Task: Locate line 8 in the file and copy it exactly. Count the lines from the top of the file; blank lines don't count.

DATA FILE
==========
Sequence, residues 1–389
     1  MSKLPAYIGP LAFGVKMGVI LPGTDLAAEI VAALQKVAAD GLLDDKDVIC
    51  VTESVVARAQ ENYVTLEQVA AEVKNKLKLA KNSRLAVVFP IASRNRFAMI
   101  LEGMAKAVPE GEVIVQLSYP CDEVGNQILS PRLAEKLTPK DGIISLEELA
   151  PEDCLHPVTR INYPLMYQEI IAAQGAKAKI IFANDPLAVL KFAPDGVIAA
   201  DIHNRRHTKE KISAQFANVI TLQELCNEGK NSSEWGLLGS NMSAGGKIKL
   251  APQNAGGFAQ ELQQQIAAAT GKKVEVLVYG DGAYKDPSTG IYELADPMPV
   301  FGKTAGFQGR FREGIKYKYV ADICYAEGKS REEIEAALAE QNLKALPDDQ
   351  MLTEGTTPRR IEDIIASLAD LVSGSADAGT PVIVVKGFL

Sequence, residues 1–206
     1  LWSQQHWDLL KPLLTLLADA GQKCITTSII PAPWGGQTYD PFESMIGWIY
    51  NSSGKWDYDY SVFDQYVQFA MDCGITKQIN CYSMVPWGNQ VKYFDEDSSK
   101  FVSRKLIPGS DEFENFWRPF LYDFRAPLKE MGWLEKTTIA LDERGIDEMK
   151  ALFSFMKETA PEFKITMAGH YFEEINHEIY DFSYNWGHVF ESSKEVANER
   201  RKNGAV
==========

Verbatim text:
   301  FGKTAGFQGR FREGIKYKYV ADICYAEGKS REEIEAALAE QNLKALPDDQ